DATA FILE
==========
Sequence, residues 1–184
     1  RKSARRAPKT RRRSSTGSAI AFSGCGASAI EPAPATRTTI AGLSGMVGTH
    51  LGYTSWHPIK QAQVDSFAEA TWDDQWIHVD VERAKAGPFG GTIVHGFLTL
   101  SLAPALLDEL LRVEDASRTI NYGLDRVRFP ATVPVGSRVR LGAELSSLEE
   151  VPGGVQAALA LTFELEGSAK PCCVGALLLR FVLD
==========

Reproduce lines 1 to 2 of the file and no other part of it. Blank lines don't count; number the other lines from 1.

Sequence, residues 1–184
     1  RKSARRAPKT RRRSSTGSAI AFSGCGASAI EPAPATRTTI AGLSGMVGTH